- With Veeam Explorer for PostgreSQL, you can restore, instantly recover and publish entire PostgreSQL instances; restore, instant recovery and publishing of individual databases is not supported.
- PostgreSQL on the target machine and on the backed-up machine must be of the same major version. For example, you can restore a PostgreSQL instance based on PostgreSQL 15.1 to a machine with PostgreSQL 15.3.
- Before you restore, instantly recover, or publish an PostgreSQL instance to another server, make sure PostgreSQL is installed on the target machine.
- [For restore and instant recovery] If you specify another data directory for the recovered PostgreSQL instance, services will not be created automatically (including systemd).
- [For restore and instant recovery on Debian and Ubuntu] When you restore a PostgreSQL instance to a new data directory, Veeam Explorer for PostgreSQL saves PostgreSQL configuration files to the specified data directory (not to the /etc/postgresql directory). In this case, you will not be able to discover the recovered PostgreSQL instance with the pg_lsclusters utility.
- [For publishing and instant recovery] Make sure that the volume with the write cache has enough free disk space to store the changes of the published database. The write cache is stored in the /var/tmp folder on the target server.
- Exporting multiple databases one by one may cause performance issues — do so only if you need to restore each database to a different point-in-time state. To export up to a 1000 databases in parallel, start the export sessions from a published PostgreSQL instance (the only option if you use PowerShell), a backed-up PostgreSQL instance, or from the backed-up PostgreSQL server.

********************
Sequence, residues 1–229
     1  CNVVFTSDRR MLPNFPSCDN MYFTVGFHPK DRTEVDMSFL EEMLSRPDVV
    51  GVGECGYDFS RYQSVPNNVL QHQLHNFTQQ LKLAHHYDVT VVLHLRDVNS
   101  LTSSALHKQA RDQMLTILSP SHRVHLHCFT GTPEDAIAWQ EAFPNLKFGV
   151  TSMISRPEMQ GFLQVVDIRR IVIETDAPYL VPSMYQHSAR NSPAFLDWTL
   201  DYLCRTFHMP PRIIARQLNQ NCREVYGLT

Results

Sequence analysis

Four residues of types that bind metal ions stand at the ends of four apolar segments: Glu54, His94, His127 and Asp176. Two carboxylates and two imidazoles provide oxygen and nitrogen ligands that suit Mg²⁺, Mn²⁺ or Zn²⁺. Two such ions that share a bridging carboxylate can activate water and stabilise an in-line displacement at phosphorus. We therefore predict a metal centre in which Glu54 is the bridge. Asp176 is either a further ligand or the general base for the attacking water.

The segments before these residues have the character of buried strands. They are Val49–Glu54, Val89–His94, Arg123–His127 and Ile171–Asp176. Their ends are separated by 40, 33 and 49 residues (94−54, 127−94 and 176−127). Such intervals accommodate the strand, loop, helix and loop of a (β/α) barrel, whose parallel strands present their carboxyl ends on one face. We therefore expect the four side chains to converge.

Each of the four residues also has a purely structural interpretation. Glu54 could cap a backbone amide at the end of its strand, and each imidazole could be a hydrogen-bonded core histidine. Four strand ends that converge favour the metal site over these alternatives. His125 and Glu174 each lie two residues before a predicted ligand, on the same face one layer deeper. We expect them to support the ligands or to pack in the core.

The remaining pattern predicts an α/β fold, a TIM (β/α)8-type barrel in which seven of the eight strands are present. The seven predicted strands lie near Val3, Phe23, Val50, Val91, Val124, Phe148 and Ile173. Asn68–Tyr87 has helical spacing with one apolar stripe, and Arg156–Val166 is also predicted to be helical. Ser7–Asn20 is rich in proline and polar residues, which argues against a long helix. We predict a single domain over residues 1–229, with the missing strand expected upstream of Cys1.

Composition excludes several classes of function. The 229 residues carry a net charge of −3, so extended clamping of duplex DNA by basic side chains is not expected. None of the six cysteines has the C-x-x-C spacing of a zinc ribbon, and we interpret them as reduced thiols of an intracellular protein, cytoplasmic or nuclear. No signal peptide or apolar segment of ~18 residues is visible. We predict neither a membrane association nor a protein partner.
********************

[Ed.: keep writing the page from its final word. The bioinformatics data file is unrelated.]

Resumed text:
- You cannot export databases whose pg_database system catalog has the datallowconn parameter set to false. This setting prevents all connections to the database and causes export operations to fail. For example, this is the case for the template0 database, that is used to create new databases — as a template database, it must remain unchanged.
- PostgreSQL on the staging server and on the backed-up machine must be of the same major version. For example, if PostgreSQL 15.1 is installed on the backed-up machine, the staging server can have PostgreSQL 15.3.
- You can use pg_restore to reconstruct a database from a DUMP file exported with Veeam Explorer for PostgreSQL. If a new database is created in the process and the database in the DUMP file has tablespaces, you must manually create tablespaces with the same names as the ones in the DUMP file. Note that the --no-tablespace argument of the pg_restore utility, which places the reconstructed database in the default tablespace, is not supported for DUMP files exported with Veeam Explorer for PostgreSQL. For more information, see Restoring Exported Database.